Water and the Dream of the Engineers
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by Richard Broadman
color, 80 min, 1983
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From the cholera epidemics of the nineteenth century to the climbing cancer rate of our time; from the colossal scale of New York City's aqueduct and water tunnels to the water wars of the West; from the dangers of chemical contamination to the water politics of Polanski's film Chinatown, Water and the Dream of the Engineers explores both the engineers' dreams for, and public fears about, the world we have inherited.
This is a fascinating documentary where rich social history frames a spirited debate between David Brower (former Sierra Club President), biologist Barry Commoner, and Able Wolman (dean of American Sanitary Engineering). The film's wider context is provided by the frustrations and concerns of those who maintain and use our water systems in the present day. The film is an educational odyssey about engineering, environmentalism, and the troubled relations between these two traditions. Most importantly, Water and the Dream of the Engineers reveals that conflicts over technology and the environment are, at root, debates about power and the promise of democracy.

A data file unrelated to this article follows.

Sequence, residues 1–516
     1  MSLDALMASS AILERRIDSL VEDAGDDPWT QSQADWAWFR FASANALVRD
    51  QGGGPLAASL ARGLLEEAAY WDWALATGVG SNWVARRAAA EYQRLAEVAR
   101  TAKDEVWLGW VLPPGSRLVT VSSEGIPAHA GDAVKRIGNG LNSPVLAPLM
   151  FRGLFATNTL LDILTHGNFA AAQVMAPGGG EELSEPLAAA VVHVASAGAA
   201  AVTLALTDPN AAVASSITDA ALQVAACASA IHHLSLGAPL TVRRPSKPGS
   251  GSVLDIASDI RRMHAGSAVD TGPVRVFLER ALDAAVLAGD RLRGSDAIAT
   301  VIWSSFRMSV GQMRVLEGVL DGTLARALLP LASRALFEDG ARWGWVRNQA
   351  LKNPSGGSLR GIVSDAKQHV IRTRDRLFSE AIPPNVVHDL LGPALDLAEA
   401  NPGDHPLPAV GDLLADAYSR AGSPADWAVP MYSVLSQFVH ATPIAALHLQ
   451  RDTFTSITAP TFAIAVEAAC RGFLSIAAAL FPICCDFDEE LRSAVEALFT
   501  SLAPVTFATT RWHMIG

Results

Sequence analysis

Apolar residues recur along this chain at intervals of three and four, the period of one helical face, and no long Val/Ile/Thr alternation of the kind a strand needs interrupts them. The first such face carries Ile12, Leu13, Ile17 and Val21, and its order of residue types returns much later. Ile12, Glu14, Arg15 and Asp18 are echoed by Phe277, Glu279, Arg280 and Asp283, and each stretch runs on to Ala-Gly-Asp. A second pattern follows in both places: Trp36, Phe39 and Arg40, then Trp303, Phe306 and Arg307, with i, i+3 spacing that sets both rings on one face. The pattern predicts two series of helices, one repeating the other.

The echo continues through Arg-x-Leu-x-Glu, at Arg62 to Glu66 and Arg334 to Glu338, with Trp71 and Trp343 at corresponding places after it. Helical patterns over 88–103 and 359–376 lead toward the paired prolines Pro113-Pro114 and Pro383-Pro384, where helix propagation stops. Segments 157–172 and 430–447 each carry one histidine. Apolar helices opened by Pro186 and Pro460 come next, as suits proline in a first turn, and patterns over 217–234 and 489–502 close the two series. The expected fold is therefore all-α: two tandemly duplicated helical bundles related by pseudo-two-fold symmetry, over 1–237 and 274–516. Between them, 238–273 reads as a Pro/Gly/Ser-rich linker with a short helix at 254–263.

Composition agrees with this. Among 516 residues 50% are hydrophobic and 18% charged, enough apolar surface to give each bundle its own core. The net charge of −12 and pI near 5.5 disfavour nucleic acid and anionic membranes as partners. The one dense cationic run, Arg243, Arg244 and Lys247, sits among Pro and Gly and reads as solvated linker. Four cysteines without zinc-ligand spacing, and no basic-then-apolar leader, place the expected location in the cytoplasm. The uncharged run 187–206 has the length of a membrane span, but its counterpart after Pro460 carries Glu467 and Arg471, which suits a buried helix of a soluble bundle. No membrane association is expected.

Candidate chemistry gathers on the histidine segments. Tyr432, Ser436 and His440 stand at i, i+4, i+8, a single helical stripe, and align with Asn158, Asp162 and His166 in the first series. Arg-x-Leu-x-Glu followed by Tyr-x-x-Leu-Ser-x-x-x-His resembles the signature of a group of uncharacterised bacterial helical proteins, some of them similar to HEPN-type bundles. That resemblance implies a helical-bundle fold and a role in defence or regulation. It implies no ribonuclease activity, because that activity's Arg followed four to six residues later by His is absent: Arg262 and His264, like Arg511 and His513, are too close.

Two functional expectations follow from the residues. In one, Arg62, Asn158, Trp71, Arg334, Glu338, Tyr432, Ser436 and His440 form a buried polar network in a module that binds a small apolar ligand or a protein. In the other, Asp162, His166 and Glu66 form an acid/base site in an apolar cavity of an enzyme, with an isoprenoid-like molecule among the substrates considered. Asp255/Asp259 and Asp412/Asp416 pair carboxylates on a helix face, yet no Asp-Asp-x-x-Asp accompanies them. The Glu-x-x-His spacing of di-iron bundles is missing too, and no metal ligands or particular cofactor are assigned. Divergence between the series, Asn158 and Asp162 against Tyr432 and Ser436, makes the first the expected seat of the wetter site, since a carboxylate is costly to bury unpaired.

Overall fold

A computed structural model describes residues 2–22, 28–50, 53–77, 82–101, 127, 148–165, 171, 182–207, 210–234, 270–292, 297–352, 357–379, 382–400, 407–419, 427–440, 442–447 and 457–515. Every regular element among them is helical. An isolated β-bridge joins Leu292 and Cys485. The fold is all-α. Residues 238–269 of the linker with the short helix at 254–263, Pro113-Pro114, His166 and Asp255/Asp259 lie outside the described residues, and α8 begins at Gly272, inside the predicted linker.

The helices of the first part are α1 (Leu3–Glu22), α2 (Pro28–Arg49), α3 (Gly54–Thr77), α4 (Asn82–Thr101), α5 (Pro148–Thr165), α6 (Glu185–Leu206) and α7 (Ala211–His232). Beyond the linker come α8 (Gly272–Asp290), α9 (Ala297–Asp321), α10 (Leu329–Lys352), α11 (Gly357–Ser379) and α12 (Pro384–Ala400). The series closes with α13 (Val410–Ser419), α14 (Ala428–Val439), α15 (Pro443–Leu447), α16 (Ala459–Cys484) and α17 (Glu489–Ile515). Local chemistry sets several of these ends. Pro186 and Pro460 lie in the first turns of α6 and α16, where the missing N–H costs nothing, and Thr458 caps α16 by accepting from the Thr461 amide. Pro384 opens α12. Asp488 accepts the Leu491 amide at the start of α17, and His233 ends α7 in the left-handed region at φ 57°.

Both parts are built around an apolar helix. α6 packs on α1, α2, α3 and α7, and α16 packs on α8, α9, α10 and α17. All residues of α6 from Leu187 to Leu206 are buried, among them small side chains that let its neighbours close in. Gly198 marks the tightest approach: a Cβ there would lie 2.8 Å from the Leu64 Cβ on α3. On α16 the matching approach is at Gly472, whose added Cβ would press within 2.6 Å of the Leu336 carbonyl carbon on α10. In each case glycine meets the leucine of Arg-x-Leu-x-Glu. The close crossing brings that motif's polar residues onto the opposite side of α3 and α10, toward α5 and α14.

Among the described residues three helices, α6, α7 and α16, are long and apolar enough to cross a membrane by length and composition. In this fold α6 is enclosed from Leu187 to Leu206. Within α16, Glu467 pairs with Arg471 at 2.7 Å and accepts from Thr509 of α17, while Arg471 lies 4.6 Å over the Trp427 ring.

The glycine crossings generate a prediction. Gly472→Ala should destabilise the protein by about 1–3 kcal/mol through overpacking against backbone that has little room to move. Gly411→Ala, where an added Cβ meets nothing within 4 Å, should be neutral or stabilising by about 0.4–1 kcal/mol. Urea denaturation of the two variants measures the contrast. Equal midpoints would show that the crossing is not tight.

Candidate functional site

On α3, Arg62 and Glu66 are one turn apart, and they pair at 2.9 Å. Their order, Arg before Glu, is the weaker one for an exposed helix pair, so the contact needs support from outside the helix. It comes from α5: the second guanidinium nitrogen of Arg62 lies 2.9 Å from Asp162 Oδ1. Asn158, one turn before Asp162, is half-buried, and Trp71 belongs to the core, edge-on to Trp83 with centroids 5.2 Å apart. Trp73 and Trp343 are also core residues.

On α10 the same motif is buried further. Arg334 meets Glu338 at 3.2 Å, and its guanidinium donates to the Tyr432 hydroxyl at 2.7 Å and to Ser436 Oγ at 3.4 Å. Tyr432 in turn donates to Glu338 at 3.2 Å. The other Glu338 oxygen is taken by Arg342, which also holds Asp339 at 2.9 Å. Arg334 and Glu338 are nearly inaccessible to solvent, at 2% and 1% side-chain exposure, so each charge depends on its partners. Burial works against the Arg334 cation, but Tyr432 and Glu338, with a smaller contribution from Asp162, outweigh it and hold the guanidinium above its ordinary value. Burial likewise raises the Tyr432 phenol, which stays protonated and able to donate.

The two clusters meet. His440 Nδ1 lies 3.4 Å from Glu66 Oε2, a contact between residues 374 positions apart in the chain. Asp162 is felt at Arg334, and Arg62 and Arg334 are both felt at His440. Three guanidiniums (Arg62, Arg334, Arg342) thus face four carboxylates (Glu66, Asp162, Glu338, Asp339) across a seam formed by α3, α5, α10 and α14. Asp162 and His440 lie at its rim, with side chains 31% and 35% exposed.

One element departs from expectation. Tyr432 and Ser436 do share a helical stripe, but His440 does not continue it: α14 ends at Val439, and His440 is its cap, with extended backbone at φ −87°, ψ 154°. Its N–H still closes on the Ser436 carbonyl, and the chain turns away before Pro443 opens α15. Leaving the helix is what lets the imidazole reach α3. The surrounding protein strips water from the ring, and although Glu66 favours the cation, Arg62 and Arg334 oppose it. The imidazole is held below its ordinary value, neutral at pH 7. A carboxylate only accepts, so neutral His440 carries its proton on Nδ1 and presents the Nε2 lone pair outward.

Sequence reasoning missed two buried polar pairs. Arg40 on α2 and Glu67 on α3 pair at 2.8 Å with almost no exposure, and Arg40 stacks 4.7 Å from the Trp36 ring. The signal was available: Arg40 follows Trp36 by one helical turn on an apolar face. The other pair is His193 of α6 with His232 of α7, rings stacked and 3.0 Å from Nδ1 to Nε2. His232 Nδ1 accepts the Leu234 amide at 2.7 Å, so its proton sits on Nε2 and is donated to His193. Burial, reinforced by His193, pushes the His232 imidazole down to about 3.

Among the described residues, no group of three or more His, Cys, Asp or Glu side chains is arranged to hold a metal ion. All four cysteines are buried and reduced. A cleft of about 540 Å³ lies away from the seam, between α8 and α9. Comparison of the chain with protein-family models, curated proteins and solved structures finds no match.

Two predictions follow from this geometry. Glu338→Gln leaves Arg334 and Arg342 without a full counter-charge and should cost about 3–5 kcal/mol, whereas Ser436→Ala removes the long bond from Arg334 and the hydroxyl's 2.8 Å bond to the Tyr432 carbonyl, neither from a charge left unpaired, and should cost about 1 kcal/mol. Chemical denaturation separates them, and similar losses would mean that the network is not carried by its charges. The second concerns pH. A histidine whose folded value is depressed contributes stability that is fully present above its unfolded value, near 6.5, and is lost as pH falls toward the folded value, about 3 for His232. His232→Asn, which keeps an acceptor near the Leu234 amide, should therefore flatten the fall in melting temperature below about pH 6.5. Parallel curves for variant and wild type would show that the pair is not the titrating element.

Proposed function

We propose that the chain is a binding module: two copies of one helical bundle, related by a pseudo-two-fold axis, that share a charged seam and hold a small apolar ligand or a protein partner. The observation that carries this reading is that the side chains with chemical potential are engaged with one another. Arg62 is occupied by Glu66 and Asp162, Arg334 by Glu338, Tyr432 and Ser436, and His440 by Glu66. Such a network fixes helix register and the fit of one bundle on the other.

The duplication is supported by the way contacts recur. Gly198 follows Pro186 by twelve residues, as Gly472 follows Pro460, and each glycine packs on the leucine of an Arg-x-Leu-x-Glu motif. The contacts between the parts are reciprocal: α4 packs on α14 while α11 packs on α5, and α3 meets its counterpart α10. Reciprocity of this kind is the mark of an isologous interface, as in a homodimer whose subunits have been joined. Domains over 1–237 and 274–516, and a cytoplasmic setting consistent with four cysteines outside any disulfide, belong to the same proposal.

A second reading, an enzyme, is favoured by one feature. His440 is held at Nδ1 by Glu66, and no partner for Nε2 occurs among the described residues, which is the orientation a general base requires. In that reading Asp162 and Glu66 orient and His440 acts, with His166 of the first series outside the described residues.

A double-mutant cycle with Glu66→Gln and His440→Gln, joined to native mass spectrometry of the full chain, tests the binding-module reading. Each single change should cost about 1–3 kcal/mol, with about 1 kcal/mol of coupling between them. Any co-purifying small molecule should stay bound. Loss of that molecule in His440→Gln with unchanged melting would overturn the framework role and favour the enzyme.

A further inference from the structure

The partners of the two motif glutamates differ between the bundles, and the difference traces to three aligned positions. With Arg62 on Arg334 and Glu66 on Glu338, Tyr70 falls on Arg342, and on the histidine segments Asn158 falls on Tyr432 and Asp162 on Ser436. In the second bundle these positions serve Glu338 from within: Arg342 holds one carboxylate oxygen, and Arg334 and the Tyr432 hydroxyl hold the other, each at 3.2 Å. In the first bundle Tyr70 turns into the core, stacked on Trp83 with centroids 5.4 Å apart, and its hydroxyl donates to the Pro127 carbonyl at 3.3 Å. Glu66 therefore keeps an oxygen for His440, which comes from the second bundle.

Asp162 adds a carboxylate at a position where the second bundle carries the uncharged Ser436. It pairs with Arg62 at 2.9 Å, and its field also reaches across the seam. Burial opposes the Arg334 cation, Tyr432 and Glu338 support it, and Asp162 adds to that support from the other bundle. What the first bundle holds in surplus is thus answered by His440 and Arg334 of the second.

A feature-length film in 4 sections for easy classroom use — Water can be shown to students in sections, with the aid of its companion study guide. Part Ia, "Water for All," documents the history of modern water and sewer systems; Part Ib, "Water Wars: California," explores the social conflicts of water systems in one part of the U.S.; Part IIa, "Upstream-Downstream: New Orleans," places one system's struggle with chemical pollution in the context of history; Part IIb, "The Sludge Dumpers," shows how the modern use of old sewer systems poses a threat to our water environment.
Study guide in PDF